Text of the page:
Some native volunteers told me that they used to be able to buy a week’s worth of food for their entire family with 1,000 metical (US$14.20), but that was no longer the case. For example, the price of a bag of onions has risen from 250 to 700 metical. Volunteer Elina Esmael Matavele told me that with food so expensive now, she has had no choice but to cut the amount of rice she cooks for her family of seven by half. Some volunteers started to add tapioca to their rice to keep their families fed. If their children still complained that they were hungry, they told them to drink some water and go to sleep to stave off the hunger pangs.

Realizing the livelihood problems faced by many families, Tzu Chi has decided to implement food relief projects in the country to help those affected by the pandemic.

Mozambican volunteers stand amidst flourishing vegetable gardens at the Tzu Chi Home in Maputo. Mozambique imports more than 70 percent of its food from South Africa, but South Africa cut down on its food exports during its own lockdown. In response, volunteers expanded the land where they grew vegetables at the Tzu Chi Home as a preparatory measure to meet food shortages.

Less meat to relieve food shortages

A food supply problem has long existed in our world. The coronavirus pandemic has made this problem even worse.

Actually, our global food production has been on the rise year after year. With that, there should be enough food to feed everyone on the planet. However, that’s not the case. In 2019, more than 800 million people in the world didn’t have enough food to eat. According to an Environmental Research Letters study, a contributing factor is that 36 percent of the calories currently produced by the world’s crops are being used for animal feed. Only 12 percent of those feed calories ultimately contribute to the human diet.

I began dreaming of practicing medicine in Africa more than ten years ago. Later, when I joined Tzu Chi, my understanding of the world increased, and I began to realize that I was actually contributing to the world’s hunger problem by eating meat. I was eating for a single meal what should have been enough to last a person in Africa for several days. That realization made me understand that if I wanted to help people in Africa, I didn’t even have to go to the continent—I could just become a vegetarian.

Ten years have passed since then, and I did end up being a doctor in Africa. From the time I’ve spent here, I’ve learned how much children here pine for food. I’m happy I became a vegetarian ten years ago. But me being a vegetarian is not enough. We need more people, a lot more people, to become vegetarian if we really want to make a difference. Given that the duration of gastronomic satisfaction is very short, is it worth it to make the world’s food problem worse just to satisfy our palates for a few seconds?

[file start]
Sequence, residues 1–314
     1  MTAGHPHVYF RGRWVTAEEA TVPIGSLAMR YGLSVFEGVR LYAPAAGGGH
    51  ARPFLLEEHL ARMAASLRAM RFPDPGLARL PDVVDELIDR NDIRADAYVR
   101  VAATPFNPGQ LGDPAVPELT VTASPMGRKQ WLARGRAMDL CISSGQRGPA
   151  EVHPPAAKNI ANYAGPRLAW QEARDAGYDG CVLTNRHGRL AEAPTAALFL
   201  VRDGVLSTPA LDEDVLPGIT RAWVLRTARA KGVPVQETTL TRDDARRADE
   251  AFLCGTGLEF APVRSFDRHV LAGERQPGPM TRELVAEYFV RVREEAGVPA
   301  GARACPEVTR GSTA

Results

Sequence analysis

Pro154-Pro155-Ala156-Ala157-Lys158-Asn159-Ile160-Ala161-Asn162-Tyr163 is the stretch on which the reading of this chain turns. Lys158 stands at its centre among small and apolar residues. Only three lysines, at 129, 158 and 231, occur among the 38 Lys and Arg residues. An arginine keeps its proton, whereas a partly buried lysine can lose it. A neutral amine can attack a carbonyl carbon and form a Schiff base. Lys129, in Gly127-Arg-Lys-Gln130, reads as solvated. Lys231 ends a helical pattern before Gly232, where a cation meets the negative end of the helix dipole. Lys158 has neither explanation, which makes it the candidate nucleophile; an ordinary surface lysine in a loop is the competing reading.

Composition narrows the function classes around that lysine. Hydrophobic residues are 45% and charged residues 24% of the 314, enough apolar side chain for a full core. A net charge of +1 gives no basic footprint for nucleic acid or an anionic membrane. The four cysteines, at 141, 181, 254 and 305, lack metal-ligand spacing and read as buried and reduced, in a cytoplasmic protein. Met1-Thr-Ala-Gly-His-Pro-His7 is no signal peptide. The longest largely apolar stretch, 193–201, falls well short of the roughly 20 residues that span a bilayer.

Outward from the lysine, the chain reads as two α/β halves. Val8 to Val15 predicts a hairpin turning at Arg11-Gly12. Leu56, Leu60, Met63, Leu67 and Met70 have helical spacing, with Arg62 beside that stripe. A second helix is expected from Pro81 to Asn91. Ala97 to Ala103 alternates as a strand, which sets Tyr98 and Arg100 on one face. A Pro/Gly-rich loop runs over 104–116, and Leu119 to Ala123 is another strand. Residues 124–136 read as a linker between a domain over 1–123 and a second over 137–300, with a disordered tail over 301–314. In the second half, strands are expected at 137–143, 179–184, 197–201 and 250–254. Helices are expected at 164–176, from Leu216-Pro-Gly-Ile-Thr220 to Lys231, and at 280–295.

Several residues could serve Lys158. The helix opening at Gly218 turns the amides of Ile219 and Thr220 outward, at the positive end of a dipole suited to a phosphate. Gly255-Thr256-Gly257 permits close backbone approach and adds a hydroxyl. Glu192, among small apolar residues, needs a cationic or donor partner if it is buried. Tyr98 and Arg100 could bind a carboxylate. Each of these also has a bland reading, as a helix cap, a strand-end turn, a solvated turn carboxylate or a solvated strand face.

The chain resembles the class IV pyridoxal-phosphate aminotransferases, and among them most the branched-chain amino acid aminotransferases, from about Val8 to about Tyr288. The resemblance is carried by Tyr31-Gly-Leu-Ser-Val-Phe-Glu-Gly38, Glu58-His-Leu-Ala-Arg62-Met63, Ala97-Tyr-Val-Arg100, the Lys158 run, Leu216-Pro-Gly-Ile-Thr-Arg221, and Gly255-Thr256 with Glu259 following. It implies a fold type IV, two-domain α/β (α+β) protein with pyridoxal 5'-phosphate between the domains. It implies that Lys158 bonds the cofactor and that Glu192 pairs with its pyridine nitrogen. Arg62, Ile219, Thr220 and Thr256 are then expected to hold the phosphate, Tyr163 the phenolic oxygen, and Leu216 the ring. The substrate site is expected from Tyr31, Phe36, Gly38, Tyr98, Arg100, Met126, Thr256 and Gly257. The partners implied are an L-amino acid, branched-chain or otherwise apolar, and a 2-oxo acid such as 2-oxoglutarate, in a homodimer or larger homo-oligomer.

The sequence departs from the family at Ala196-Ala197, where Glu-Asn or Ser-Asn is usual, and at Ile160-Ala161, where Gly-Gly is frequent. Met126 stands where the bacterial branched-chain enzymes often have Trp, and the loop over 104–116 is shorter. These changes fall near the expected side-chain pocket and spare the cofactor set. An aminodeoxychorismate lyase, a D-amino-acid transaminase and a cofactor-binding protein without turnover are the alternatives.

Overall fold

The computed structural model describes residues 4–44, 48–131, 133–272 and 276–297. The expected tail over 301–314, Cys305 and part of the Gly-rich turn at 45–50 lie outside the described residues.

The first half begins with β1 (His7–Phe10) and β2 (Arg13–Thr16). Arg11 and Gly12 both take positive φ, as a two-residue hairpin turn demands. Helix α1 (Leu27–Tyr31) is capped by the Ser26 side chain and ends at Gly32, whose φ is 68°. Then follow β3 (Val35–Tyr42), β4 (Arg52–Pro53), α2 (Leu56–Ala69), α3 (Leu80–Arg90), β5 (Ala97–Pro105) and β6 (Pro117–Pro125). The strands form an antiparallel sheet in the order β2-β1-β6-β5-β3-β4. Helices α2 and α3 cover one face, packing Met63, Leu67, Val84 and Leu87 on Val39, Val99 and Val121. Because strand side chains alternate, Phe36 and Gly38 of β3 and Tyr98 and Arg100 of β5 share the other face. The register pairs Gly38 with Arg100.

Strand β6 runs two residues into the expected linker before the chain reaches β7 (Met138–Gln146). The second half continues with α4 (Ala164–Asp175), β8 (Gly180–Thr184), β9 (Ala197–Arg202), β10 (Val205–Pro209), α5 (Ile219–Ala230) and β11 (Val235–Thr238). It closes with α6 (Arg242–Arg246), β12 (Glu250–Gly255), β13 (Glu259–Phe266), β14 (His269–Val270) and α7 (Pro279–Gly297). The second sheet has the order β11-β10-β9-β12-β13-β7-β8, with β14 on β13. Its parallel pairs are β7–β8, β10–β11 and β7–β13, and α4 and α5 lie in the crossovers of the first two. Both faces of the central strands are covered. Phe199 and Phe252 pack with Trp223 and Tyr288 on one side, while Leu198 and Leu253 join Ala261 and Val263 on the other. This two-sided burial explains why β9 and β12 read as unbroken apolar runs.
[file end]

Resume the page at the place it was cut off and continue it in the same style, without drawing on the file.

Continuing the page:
I shared with a gathering of local volunteers the importance of eating vegetarian. They were stunned when they learned that the number of animals eaten by humans per day was six times the population of Mozambique. Many expressed their willingness to try a vegetarian diet afterwards. The next day, Antonio Patricio, a young volunteer, shared a photo of his dinner with me. I was surprised to see that his dinner consisted only of rice and cucumbers.

Antonio is an orphan with no income or land to grow crops. To feed himself, he often turned to rivers to find food. He’d just eat whatever he caught. As such, becoming vegetarian was quite a challenge for him—even more so because vegetables often cost more than meat in remote countryside areas. I was concerned that he would not have enough to feed himself if he became a vegetarian, but he assured me he would be okay. He said what Master Cheng Yen said about how we shouldn’t hurt animals to feed ourselves resonated with him. He said he was happy even if he had only cucumbers and rice because he felt at peace being a vegetarian. He even pledged that he’d eat vegetarian for the rest of his life.

Antonio has difficulty keeping himself fed every day, but even so, when he learned that so many animals were being slaughtered for human consumption, his heart went out to those animals so much that he decided right then to adopt a vegetarian diet. Compared with him, we are blessed with far more resources. Shouldn’t we make a bigger effort to help starving people by eating vegetarian?

It isn’t easy for our volunteers in Mozambique to get by. Yet despite their poverty, they took up charity work to help their own people after hearing Master Cheng Yen’s teachings. Motivated by a sense of mission, they were willing to conquer their fear and visit communities to spread word about the coronavirus. They are even willing to eat vegetarian to help protect life. They are truly the living embodiment of loving-kindness and compassion.

We may not know the course the pandemic will take, but one thing is certain: our volunteers in Mozambique will continue to follow the Master’s teachings by doing what they can to accompany people in their own communities through this difficult time. They will stay true to their commitment to serving the needy.

July 2020